NASA Aims To Send Humans To Moon By Late 2020s

NASA, which recently was told by the Trump administration to return humans to the Moon’s surface, expects to achieve that goal by the “latter part” of the 2020s, acting Administrator Robert Lightfoot said Feb. 20.

NASA intends to provide an update on its Moon exploration efforts at the second meeting of the National Space Council, scheduled for Feb. 21 at NASA’s Kennedy Space Center in Florida, Lightfoot said at a Space Transportation Association breakfast on Capitol Hill. 

Robert Lightfoot, NASA's acting administrator (Photo by NASA)

Robert Lightfoot, NASA's acting administrator (Photo by NASA)

At the council’s first meeting in October, its chairman, Vice President Mike Pence, announced that the administration would send astronauts to the Moon to lay groundwork for manned missions to Mars and other deep-space destinations (Defense Daily, Oct. 5, 2017). In December, President Donald Trump signed a directive formalizing those plans (Defense Daily, Dec. 11, 2017).

While NASA has been developing the Space Launch System (SLS) heavy-lift rocket and the Orion crew capsule to take astronauts beyond low Earth orbit (LEO), the Obama administration had de-emphasized the Moon in favor of sending humans to an asteroid and Mars.

NASA plans to conduct the first SLS flight with an uncrewed Orion by mid-2020. The first crewed flight is slated for 2023 and will go around the Moon.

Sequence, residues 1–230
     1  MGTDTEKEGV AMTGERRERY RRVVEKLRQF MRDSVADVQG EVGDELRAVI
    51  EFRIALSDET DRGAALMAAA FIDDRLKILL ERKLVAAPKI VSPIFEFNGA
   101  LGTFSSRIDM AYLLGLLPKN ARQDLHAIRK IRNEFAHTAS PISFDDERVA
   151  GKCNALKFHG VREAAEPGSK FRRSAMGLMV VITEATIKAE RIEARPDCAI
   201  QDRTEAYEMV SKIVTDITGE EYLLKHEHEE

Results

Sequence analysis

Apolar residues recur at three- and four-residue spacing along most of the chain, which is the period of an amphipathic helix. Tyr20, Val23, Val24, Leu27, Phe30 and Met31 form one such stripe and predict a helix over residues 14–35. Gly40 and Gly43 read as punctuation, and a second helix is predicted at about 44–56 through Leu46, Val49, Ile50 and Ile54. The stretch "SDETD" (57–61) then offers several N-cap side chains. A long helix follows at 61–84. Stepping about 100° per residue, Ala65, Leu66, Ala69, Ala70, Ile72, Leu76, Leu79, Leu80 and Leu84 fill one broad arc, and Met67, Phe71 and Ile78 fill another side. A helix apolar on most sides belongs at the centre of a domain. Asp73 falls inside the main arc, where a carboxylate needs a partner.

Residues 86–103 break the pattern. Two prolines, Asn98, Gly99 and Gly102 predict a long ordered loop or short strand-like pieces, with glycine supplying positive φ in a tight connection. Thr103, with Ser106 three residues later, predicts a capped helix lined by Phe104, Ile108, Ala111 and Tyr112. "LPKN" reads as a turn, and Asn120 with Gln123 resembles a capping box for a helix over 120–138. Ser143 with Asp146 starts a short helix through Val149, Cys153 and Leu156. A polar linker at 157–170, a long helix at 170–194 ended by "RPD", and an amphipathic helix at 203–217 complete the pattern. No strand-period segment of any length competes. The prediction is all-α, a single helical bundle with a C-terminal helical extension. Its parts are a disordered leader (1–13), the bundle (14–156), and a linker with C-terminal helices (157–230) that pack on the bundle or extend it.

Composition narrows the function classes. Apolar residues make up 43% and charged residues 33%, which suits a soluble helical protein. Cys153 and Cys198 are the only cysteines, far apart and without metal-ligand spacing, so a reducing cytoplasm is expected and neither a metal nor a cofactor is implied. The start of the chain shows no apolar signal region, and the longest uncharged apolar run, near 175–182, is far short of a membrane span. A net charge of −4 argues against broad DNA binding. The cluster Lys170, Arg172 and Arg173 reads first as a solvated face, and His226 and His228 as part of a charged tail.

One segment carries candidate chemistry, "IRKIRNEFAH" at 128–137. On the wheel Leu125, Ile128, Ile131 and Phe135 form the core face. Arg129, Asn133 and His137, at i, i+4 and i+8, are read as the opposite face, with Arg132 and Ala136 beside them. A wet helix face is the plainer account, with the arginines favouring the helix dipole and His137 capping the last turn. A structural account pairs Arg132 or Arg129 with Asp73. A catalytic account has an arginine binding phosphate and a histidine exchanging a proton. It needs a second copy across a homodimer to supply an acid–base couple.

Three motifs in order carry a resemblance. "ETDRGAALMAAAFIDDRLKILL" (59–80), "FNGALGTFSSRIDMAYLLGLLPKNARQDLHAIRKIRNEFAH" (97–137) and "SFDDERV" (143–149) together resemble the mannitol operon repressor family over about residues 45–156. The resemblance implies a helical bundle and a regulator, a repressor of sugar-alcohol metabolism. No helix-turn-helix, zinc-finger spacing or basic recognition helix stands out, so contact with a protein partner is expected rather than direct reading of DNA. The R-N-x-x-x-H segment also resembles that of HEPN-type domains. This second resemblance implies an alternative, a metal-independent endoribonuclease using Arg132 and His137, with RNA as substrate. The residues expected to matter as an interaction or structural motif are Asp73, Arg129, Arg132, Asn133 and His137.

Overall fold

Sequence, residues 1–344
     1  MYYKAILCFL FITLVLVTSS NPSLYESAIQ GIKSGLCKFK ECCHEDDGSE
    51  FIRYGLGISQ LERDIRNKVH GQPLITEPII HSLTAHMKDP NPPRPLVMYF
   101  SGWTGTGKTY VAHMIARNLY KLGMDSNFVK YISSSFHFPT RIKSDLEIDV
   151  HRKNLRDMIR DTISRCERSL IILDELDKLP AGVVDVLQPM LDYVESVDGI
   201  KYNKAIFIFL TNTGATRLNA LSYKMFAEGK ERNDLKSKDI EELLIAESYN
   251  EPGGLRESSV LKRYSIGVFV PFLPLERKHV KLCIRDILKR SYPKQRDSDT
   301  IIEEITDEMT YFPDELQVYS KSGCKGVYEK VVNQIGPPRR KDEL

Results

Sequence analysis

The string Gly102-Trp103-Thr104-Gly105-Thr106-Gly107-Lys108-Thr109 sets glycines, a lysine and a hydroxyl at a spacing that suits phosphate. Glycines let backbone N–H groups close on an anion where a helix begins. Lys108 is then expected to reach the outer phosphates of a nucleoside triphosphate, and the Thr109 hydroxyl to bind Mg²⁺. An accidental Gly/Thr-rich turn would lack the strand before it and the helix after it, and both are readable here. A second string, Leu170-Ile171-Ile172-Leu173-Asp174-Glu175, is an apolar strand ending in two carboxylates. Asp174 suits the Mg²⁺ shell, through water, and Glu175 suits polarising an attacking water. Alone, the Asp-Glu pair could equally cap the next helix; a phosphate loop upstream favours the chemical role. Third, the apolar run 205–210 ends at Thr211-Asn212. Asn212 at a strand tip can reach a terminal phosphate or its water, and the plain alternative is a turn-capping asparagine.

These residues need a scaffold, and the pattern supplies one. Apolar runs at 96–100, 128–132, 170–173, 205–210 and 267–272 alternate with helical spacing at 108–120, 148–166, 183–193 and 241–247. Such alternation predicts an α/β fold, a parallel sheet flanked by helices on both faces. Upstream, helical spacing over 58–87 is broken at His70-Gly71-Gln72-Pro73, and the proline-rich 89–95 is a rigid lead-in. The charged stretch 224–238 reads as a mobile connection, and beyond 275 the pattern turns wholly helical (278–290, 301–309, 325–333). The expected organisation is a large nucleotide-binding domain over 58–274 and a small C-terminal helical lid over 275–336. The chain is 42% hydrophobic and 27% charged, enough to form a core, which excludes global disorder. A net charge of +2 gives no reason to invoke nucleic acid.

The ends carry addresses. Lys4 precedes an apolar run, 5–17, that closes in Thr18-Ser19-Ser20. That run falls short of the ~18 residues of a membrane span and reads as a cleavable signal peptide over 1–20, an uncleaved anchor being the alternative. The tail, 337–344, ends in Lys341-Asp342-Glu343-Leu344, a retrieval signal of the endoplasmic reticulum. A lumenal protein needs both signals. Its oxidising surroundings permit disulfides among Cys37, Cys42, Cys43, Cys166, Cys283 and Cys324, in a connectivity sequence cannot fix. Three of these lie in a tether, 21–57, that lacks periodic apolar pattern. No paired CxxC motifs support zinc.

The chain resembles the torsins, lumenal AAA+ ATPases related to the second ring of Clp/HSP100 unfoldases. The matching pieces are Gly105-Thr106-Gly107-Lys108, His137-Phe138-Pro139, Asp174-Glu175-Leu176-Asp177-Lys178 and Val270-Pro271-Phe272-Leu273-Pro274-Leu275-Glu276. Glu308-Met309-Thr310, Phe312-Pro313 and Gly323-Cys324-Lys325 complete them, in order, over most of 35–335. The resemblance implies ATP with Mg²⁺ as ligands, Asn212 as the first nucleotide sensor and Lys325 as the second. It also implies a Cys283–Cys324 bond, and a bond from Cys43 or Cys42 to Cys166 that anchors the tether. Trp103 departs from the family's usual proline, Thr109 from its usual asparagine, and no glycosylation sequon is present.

Boeing [BA] is developing the SLS core stage and Orbital ATK [OA] makes solid rocket boosters for SLS. Lockheed Martin [LMT] is Orion’s prime contractor.

To further support lunar exploration, NASA also intends to develop a series of robotic and manned Moon landers and a technology-maturing, Moon-orbiting structure called the Lunar Orbital Platform-Gateway.

The last manned mission to the Moon was Apollo 17 in 1972.

Lightfoot defended his agency’s proposal to end U.S. government funding for the International Space Station in 2025, saying the time is ripe to stimulate commercial development in LEO.

“That doesn’t mean we de-orbit it,” he said. “That just means that we’re going to end the funding.”

NASA’s $19.9-billion fiscal year 2019 budget request, released Feb. 12, includes $150 million to promote industry activity in LEO. Commercial efforts could include parts of the station.

Lightfoot said he expects the station proposal to generate robust discussions with lawmakers, some of whom already have expressed opposition to ending U.S. government support. He also said he has assured the station’s foreign partners that “we’re going to have plenty of conversations with them,” including at the 2nd International Space Exploration Forum in Tokyo next week.

Lightfoot defended NASA's plans to cancel the Wide Field Infrared Survey Telescope (WFIRST), citing the space-based observatory’s high cost of $3.4 billion to $3.8 billion and the need to spend those funds elsewhere.

“That was just a trade that was made,” he said.





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